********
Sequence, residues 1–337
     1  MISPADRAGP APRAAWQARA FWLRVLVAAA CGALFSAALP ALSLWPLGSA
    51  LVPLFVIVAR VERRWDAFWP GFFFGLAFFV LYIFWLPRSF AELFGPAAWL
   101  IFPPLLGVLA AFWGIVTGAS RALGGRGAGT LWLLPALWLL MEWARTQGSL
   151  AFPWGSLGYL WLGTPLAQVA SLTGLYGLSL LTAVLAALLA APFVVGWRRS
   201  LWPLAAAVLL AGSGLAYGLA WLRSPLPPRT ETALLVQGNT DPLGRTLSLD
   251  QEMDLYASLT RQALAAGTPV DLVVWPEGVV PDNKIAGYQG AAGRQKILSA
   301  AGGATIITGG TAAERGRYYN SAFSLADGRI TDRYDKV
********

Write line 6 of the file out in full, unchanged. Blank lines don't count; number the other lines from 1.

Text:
   201  LWPLAAAVLL AGSGLAYGLA WLRSPLPPRT ETALLVQGNT DPLGRTLSLD